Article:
Weekend Week in Review

It’s Sunday which means I review some of the podcasts I listened to and articles that I read throughout the last week.

When it comes to the podcasts, I really enjoyed Vernon Griffith on Mike Robertson’s Physical Prep Podcast. There wasn’t a ton of talk about strength training or conditioning, but there was a lot about being a better person and ultimately a better coach.

For articles, the article and video put together on the anatomy of a hockey player was really interesting. It is amazing how much goes into building a successful hockey player, but this will really open your eyes.



All Things Strength and Wellness with Pat Davidson Part I

CVASP with Joe Kenn

Physical Prep Podcast with Vernon Griffith


The Study Every Training and Coach Should Read and Understand by Eric Cressey

Joint by Joint Approach and Warming Up by Mladen Jovanovic

Anatomy of a Hockey Player by Olympic Channel

Should Athletes Press Overhead? by Mike Boyle

Trap Bar DL for Bilateral Lower Body Strength?

“The point of lifting weights is to force stress into a movement pattern.” – Gray Cook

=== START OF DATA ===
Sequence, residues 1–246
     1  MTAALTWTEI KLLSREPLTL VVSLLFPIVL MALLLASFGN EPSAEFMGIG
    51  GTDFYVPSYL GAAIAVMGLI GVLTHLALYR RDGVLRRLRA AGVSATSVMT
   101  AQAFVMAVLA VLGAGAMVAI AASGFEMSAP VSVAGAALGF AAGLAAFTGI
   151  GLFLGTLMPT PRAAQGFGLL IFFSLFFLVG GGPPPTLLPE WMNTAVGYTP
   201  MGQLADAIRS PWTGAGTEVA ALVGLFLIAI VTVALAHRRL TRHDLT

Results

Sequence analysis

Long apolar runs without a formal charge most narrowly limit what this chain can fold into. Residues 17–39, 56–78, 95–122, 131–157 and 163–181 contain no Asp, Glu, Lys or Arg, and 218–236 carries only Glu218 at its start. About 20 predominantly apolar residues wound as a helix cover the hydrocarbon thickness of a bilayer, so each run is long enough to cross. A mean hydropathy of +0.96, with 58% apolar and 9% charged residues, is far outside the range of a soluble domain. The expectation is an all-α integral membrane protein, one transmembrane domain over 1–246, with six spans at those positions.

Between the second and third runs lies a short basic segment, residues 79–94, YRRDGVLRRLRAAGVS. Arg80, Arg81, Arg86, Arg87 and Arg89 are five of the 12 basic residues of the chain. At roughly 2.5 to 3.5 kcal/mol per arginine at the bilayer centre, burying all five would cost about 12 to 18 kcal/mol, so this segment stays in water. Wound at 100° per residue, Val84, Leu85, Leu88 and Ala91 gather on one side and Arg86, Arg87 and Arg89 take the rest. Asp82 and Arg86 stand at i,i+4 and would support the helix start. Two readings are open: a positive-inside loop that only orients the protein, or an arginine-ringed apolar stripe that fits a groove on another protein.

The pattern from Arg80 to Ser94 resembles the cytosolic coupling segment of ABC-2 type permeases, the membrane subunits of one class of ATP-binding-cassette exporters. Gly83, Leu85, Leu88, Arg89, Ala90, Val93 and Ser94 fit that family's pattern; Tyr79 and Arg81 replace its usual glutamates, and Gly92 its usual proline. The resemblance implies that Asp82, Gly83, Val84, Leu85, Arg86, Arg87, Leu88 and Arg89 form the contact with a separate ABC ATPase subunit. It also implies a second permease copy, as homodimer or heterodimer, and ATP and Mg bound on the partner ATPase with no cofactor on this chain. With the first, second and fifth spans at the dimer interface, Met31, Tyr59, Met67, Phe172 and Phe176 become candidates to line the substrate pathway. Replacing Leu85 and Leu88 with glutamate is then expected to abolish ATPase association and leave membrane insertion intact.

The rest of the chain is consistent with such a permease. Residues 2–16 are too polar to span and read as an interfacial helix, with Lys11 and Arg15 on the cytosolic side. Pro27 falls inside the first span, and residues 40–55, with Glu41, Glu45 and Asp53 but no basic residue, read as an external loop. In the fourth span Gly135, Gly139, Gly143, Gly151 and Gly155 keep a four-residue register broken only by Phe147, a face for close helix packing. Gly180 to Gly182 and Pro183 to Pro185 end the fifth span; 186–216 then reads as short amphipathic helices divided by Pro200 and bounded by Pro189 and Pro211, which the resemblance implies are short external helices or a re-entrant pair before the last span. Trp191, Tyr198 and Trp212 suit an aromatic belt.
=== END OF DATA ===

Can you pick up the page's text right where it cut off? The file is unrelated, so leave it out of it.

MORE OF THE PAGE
When it comes to heavy bilateral lower body strength training I am a much bigger fan of the trap bar deadlift as opposed to back squatting or front squatting for various reasons;

    1. Lower barrier of entry because less joints are involved when compared to squatting
    2. Zero spinal loading
    3. If you don’t use straps, you can’t out-train your grip which means you can’t out-train your stabilizers
    4. At the end of the day, strong is strong
    5. Hip hinging is arguably more sport specific then squatting
    6. People generally grasp the pattern quicker then squatting
    7. You can coach it to be more of a squat or more of a deadlift/hip hinge depending on what your goals are

Above and beyond all these potential reasons, I believe it is simply a safer movement for most people. Our goal is to never get hurt as a result of our off court/ice/field training. The trap bar allows us to train heavy in a bilateral stance and stress the movement pattern in a safer manner for most of the people we work with.

Anterior Core Stiffness = Hip/Groin Health?

Hockey is a sport played in a constant hip flexed position with the hip flexors continuously under a long duration isometric and concentric load. If the hip flexors are constantly “on” then there is a strong probability that the pelvis will be pulled into an anteriorly tipped position, a position that can cause dysfunctions like impingement and probably plays a large role in the hip/groin injury epidemic in hockey.